Ride sharing companies are pushing back against California's Assembly Bill 5, a proposed piece of legislation that would require employers to treat independent contractors — like Lyft and Uber drivers — as regular employees.
The companies claim that AB-5, which is still winding its way through the Sacramento Statehouse, would jeopardize their business models and hurt workers by limiting the much-loved flexibility inherent in their jobs.
We want to "create a structure that both allows the continued flexibility and also provides baseline protections, benefits, and avenues for workers' voices," said Loni Mahanta, Lyft's vice president of policy development and research, in an interview Thursday. She added that AB-5 would not accomplish such goals.
In June, the CEOs of Uber ($UBER) and Lyft ($LYFT) penned an op-ed in the San Francisco Chronicle, arguing that a change to the employment classification of their drivers would "pose a risk" to their businesses. They ceded, however, that the "status quo can and should be improved."
Uber, which went public in May, also noted in filings with federal regulators that one risk to its business model was "legislation or judicial decisions" that would require drivers to be treated as employees. Such a change, the company said, would have a significant "adverse effect on our business and financial condition."
Yet lawmakers and several labor rights groups have come out in support of the bill. Securing solid employment status, they say, is essential for guaranteeing workers rights, such as workplace protections, insurance benefits, and paid sick leave, among others.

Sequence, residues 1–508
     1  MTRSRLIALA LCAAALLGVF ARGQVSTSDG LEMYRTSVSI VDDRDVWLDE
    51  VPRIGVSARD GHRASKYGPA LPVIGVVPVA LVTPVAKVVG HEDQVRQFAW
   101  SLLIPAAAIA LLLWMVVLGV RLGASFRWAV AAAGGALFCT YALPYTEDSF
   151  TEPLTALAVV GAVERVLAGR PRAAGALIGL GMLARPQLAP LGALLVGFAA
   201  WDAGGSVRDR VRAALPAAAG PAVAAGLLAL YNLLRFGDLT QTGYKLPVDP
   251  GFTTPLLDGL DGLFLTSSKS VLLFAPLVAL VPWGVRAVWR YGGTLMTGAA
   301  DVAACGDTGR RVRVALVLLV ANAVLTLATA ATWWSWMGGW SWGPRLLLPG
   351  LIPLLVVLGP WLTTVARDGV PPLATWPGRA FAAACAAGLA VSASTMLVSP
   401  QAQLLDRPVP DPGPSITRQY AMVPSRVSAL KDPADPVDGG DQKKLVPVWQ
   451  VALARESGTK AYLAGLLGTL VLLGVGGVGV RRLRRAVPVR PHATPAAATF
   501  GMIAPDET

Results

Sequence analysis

"There are a lot of laws that we have in place that companies right now are skirting by, saying their workers are independent contractors," California Assemblywoman Lorena Gonzalez told Cheddar last week.
Lyft and other peer-to-peer companies, however, say their opposition is not just out of concern for their bottom line. "What we hear from drivers, over and over again, is that the most important piece of what Lyft offers is the ability to work if, and when, they want," Mahanta said.
On the other hand, Gonzalez, who wrote and introduced AB-5 last December, said "flexibility is always in the hands of the employer … that is up to the company to allow that."
While the legislation is a state matter of significant importance to the many San Francisco-based companies, AB-5 has also received national attention — especially after receiving two major endorsements from Democratic 2020 hopefuls Sen. Bernie Sanders of Vermont and Sen. Elizabeth Warren of Massachusetts.
In an op-ed in the San Francisco Chronicle in May, Sanders said that because of the "independent contractor" classification, gig economy workers are "being denied basic workplace protections and a fighting chance to obtain higher wages," despite working full time.
Just last week, Warren threw her full support behind AB-5, writing in an op-ed in the Sacramento Bee that the gig economy's misclassification of workers fits into the centuries-old tradition "in which big, powerful entities exploit labor laws to boost their bottom lines."
Warren also countered against company-sponsored alternatives, saying such approaches "would do little but sow confusion and uncertainty by adding other, still undefined, classes of workers whose rights are unclear – and perhaps unenforceable."
Yet other opponents, such as the California Chamber of Commerce, said the bill would "undercut the innovation of a business model" that has spurred economic growth in the state.
AB-5 was passed overwhelmingly by the California State Assembly in May and is currently being debated in the state Senate. In a statement to Cheddar, a spokesperson for California Gov. Gavin Newsom said that "if and when this bill reaches the Governor's desk it will be evaluated on its merits."
"Some things are obvious. If you work for a company — you're doing the work of that company — you are an employee and you should benefit the same way every other employee does," Gonzalez added.